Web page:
Keith J. Gardner, Plaintiff-appellant, v. J. v. Beale, Jr., Assistant Warden; Food Services, Southhampton Intensive Treatment Center, Defendants-appellees, 998 F.2d 1008 (4th Cir. 1993)

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U.S. Court of Appeals for the Fourth Circuit - 998 F.2d 1008 (4th Cir. 1993)

Argued: June 7, 1993. Decided: July 13, 1993

Appeal from the United States District Court for the Eastern District of Virginia, at Norfolk. Robert G. Doumar, District Judge. (CA-91-337-N)

Argued: Michael Louis Corrado, Chapel Hill, North Carolina, for Appellant.

Mark Ralph Davis, Assistant Attorney General, Office of the Attorney General, Richmond, Virginia, for Appellee.

On Brief: Stephen D. Rosenthal, Attorney General, Office of the Attorney General, Richmond, Virginia, for Appellee.

E.D. Va.


Before MURNAGHAN, HAMILTON, and LUTTIG, Circuit Judges.



Appellant, Keith Gardner (Gardner), appeals the district court's grant of summary judgment in favor of the appellee, J. V. Beale, Jr. (Beale). Finding no error, we affirm.

* Gardner is a prisoner in the Virginia Department of Corrections and a member of the Virginia Department of Corrections Capital Construction Unit (the Unit). Between October 1990 and January 1991, the Unit worked at the South Hampton Intensive Treatment Center. While at South Hampton, the Unit worked Monday through Thursday and was off Friday through Sunday. Beale, the Assistant Warden, made the decision that the Unit would have only two meals, brunch and dinner, on Friday, Saturday, Sunday, and holidays, which were the days the Unit did not work. The Unit received two meals a day with eighteen hours between dinner and brunch for forty-eight days.1  Beale reduced the number of meals because only a few members of the Unit attended the breakfast meal on days the Unit did not work.2  Before it was discontinued, Gardner did not attend these breakfast meals.

In an effort to challenge the two-meal regime, Gardner followed the official grievance procedure, asserting that the meal service violated Department of Corrections Food Service Operations Manual Food Preparation and Service of Meals § 4-1, V.B.1., and 11, which state that all inmates shall be provided three meals daily, and that the breakfast meal will never be scheduled to begin more than fourteen hours following the beginning of the evening meal. As a result of the grievance procedure, a third meal was instituted.3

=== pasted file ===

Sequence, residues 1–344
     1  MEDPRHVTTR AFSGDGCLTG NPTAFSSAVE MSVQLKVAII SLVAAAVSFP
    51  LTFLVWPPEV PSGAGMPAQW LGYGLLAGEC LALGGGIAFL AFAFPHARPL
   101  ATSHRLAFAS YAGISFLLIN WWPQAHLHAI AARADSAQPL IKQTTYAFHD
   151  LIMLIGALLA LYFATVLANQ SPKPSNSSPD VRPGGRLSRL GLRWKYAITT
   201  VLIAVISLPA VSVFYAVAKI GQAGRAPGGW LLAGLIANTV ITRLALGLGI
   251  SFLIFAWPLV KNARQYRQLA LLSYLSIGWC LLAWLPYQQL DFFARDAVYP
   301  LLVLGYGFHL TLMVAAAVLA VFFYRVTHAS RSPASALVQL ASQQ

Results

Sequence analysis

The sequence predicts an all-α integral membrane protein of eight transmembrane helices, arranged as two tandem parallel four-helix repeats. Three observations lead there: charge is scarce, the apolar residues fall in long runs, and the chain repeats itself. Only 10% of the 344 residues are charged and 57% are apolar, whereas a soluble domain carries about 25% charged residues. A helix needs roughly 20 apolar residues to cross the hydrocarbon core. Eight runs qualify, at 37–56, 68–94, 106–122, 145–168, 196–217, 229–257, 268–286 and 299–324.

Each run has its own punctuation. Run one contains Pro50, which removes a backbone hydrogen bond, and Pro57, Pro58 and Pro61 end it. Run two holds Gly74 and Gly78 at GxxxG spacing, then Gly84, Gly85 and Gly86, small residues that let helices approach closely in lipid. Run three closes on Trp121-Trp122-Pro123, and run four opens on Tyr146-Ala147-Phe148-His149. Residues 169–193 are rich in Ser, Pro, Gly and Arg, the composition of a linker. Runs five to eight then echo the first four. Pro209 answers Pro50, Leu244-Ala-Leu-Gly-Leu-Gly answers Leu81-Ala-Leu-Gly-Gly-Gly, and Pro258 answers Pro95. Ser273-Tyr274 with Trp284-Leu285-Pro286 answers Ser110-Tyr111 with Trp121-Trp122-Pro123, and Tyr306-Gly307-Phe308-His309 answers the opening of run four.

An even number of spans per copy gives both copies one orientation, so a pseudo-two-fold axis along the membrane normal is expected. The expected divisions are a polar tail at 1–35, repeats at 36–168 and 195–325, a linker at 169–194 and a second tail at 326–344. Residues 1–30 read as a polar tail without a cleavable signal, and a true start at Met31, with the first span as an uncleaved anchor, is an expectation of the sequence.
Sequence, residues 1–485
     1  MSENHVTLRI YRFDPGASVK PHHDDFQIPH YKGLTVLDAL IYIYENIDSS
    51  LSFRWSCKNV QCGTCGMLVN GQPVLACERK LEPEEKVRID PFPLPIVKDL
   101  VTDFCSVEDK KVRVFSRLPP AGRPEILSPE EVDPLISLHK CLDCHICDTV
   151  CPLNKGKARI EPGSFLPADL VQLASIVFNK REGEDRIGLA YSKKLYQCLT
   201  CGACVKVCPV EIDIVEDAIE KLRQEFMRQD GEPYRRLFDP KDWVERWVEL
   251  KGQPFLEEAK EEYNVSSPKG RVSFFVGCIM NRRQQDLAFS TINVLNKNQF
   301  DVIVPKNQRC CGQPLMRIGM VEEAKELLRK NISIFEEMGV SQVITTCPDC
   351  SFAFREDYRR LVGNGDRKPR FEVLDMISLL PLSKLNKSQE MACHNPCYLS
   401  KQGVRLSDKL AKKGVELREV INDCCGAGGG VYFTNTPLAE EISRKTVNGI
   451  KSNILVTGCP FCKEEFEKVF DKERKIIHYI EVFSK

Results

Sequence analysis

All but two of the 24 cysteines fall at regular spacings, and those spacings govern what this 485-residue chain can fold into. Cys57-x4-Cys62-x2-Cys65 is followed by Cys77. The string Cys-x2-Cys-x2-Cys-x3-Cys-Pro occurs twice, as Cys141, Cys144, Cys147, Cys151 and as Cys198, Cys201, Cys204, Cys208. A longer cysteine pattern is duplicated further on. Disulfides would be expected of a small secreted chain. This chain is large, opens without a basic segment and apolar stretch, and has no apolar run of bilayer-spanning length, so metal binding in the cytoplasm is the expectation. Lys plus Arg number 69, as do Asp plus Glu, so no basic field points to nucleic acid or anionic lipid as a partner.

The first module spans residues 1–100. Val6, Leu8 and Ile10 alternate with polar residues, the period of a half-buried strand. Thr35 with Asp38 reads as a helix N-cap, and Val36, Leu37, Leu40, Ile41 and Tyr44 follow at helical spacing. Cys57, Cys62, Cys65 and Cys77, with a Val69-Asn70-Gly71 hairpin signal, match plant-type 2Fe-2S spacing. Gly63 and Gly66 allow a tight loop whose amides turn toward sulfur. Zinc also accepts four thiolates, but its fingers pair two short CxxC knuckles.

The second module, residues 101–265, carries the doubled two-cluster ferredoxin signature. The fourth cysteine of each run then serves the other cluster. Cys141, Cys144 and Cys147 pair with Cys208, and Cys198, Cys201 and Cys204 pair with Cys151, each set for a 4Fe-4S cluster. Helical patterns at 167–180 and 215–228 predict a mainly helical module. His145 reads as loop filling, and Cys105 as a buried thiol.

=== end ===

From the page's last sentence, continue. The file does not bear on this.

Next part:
Gardner brought suit under 42 U.S.C. § 1983 for alleged constitutional deprivations, seeking monetary damages for the days he received two meals per day with an eighteen hour interval between the dinner and his brunch. In his complaint, Gardner alleged that, as a result of the meal policy, he suffered mental anguish and was starving, but did not state a violation of a specific constitutional right. Beale moved for summary judgment. " [O]ut of an abundance of caution," Gardner v. Beale, 780 F. Supp. 1073, 1074 (E.D. Va. 1991), the district court considered Gardner's complaint as alleging cruel and unusual punishment under the Eighth Amendment and a due process violation under the Fourteenth Amendment. The district court granted Beale's motion for summary judgment. Gardner appeals.


Appellate review of the granting of a party's motion for summary judgment is de novo, and the court of appeals uses the same standards as the district court. Summary judgment is appropriate only if there are no genuine issues of material fact. Charbonnages de France v. Smith, 597 F.2d 406 (4th Cir. 1979). An issue is genuine "if the evidence is such that a reasonable jury could return a verdict for the nonmoving party." Anderson v. Liberty Lobby, Inc., 477 U.S. 242, 248 (1986). Factual disputes that are irrelevant or immaterial are properly excluded from consideration. Id. The party seeking summary judgment has the initial burden to show absence of evidence to support the nonmoving party's case. Celotex Corp. v. Catrett, 477 U.S. 317, 325 (1986). This burden does not require the moving party to show evidence that proves absence of a genuine issue of material fact, but only to point out its absence. Id. The responding party may not rest upon mere allegations or denials, Anderson, 477 U.S. at 248, and summary judgment is appropriate if the responding party fails to show, under Rule 56, the existence of an element essential to that party's case. Celotex, 477 U.S. at 322. A mere scintilla of evidence supporting the case is insufficient. Anderson, 477 U.S. at 252. The responding party is, however, entitled to have all reasonable inferences and questions of law resolved in his favor. Id. at 255.